There’s an experiment I like to do with audiences when I am presenting on the use/misuse of opioids for chronic pain. I ask them to hold their breath…for a while. Then I ask them what they are thinking. The answer is, of course, “when can I take a breath?”
In those moments when people are holding their breath, they mostly think…“When is this guy going to tell us to stop?” Breathing is inherent to living. When it is taken away, nothing else matters except getting to that next breath.
That’s how it is for an opioid-addicted patient. An opioid-addicted patient goes through a daily cycle of being OK and then withdrawing and focusing on getting the next dose. Like needing to breathe. The withdrawal timeline depends on the type of opioid they are on, short-acting or long-acting
While the opioid is at their brain’s set point, they are not craving. But when in withdrawal and if they can’t get the opioid, that’s a whole other problem. They may seek street drugs, or pay a friend a “visit” and case their medicine cabinet, or drink a bottle of booze to help stave off the cravings.
Now imagine being such an individual and you are tapering off the medication, You know the next dose may be a long way off and it won’t be what you are used to. That is the person with a hijacked brain: the injured worker who can think of nothing else except getting something to fill his need for the drug.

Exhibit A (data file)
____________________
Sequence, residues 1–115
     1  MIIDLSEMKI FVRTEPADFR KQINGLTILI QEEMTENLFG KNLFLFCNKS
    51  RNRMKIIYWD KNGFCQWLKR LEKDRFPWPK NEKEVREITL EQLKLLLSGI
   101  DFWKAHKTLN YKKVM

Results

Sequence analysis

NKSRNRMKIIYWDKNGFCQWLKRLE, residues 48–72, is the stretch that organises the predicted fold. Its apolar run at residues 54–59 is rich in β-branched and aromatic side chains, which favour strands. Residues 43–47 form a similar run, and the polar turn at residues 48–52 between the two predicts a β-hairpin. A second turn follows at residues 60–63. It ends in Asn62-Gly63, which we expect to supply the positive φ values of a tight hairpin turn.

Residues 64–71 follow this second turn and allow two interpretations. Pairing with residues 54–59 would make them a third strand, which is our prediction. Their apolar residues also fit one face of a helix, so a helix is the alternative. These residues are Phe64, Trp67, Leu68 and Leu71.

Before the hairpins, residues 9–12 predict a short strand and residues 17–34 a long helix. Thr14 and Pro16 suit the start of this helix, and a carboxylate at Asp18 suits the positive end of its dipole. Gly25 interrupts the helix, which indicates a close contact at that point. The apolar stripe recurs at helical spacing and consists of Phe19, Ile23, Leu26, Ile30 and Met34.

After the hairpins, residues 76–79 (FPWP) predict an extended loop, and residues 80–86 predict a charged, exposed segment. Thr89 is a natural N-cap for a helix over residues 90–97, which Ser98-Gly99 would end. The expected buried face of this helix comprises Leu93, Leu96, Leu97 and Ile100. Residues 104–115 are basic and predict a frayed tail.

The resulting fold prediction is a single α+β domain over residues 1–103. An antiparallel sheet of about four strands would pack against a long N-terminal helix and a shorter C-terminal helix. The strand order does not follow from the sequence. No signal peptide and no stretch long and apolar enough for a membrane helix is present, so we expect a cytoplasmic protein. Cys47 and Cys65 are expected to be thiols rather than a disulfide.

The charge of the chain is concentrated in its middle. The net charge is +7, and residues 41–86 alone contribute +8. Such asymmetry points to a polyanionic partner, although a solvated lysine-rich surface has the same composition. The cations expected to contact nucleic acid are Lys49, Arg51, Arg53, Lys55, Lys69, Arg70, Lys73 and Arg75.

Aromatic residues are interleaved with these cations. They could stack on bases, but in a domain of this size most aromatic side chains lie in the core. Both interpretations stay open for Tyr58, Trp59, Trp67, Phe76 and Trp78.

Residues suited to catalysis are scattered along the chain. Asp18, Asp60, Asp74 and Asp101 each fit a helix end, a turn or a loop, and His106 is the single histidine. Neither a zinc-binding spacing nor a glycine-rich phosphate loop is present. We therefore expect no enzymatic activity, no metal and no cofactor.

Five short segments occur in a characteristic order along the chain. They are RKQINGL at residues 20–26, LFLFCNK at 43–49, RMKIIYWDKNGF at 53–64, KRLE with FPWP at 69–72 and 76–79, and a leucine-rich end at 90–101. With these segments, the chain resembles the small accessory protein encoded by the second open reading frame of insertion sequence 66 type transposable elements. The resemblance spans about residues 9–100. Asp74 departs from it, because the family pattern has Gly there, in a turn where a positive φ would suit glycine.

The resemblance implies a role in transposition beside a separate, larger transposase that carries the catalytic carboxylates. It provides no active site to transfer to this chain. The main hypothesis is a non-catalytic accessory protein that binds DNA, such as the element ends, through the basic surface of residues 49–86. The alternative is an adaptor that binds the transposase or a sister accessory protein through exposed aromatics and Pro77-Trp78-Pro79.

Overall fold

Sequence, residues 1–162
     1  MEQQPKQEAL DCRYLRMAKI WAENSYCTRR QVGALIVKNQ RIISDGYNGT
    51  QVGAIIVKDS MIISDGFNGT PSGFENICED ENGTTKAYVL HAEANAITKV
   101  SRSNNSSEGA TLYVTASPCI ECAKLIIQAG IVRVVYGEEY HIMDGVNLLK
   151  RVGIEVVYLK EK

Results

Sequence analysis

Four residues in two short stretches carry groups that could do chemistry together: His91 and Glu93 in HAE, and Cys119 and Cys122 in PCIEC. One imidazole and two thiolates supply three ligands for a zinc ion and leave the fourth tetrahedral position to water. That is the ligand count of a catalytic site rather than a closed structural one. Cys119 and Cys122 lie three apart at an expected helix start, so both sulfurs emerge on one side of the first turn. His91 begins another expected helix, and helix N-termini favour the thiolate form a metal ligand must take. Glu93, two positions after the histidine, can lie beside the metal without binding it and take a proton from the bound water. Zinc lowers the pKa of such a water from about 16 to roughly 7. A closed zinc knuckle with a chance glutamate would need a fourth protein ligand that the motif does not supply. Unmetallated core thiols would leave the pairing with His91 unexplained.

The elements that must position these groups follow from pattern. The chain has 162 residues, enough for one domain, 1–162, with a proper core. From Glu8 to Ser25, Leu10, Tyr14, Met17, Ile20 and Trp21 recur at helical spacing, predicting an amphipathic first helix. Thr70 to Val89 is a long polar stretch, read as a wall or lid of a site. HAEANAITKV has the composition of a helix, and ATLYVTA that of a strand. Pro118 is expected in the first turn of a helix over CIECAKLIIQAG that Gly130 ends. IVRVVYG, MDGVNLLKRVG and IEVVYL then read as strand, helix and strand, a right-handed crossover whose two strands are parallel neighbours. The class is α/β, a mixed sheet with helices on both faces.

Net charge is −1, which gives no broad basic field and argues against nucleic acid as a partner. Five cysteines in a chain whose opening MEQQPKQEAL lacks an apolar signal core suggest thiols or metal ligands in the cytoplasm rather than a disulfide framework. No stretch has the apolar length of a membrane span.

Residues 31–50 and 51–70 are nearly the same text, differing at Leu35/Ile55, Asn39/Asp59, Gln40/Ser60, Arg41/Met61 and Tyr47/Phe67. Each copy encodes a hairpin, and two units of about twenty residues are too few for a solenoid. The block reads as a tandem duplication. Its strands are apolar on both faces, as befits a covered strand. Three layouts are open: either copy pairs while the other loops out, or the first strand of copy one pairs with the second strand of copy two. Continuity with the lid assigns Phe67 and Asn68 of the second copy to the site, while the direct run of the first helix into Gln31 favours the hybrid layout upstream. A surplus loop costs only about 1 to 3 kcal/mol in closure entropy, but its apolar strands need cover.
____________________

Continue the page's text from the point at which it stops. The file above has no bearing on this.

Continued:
The symptoms he may experience include:
- Early withdrawal symptoms of anxiety and agitation, sweating and rapid heart rate, muscle aches, trouble sleeping and being heavily focused on not having the drug.
- Late-stage withdrawal symptoms of nausea, vomiting, cramping, goosebumps, depression and more significant drug craving.
An addict’s brain has an increasing dysregulation of brain reward systems, meaning there are decreases in the reward function. Withdrawing from the drug raises thresholds for brain stimulation reward. Decreases in dopamine and serotonin may occur along with increases in brain stress neurotransmitters. The result is a change in the happiness set point.
The set point of happiness is predetermined by things such as heredity and personality traits and stays relatively constant throughout our lives. Our level of happiness may change in response to various life events, but it typically returns to its baseline level. But addiction can change the set point, causing people to feel unhappy unless they are using the drug. Using of the drug becomes a survival need for the injured worker. The effect of withdrawal is both physical and psychological.
Addicts represent about 5-10 percent of the injured workers we see, one of the lowest categories. Treating them successfully requires a combination of closely monitored medication and psychological intervention.
IMCS – Integrated Medical Case Solutions – is the premier behavioral medicine network for pain and trauma response with evidence-based outcomes and a proven track record for transforming workers’ compensation cases. IMCS makes intervention efficient with a national network of 1,500+ psychologists and psychiatrists in all 50 states.